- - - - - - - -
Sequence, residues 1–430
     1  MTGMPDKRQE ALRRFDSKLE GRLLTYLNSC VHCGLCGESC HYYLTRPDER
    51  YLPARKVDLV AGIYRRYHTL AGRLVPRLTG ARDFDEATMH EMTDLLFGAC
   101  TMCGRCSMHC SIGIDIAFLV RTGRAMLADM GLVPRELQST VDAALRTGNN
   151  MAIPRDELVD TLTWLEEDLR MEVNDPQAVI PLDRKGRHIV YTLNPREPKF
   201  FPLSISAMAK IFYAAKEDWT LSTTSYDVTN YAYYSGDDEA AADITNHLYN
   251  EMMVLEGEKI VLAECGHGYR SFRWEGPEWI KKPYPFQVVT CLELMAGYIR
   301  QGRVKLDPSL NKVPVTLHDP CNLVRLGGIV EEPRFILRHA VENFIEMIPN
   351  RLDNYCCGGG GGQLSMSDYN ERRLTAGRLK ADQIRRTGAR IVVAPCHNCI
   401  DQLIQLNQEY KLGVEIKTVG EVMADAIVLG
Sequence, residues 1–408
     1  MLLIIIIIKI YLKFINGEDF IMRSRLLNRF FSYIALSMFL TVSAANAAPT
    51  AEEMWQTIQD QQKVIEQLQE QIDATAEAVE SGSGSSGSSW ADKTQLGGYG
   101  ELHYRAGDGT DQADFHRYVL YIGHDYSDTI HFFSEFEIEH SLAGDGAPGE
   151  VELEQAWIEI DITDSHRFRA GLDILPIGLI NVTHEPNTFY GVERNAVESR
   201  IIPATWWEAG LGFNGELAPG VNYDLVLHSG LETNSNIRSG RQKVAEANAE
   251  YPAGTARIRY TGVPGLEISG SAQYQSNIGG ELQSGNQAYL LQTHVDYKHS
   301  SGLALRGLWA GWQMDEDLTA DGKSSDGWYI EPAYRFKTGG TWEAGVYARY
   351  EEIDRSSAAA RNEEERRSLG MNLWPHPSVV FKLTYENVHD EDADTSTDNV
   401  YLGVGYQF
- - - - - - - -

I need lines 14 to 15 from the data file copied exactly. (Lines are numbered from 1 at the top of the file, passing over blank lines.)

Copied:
   101  ELHYRAGDGT DQADFHRYVL YIGHDYSDTI HFFSEFEIEH SLAGDGAPGE
   151  VELEQAWIEI DITDSHRFRA GLDILPIGLI NVTHEPNTFY GVERNAVESR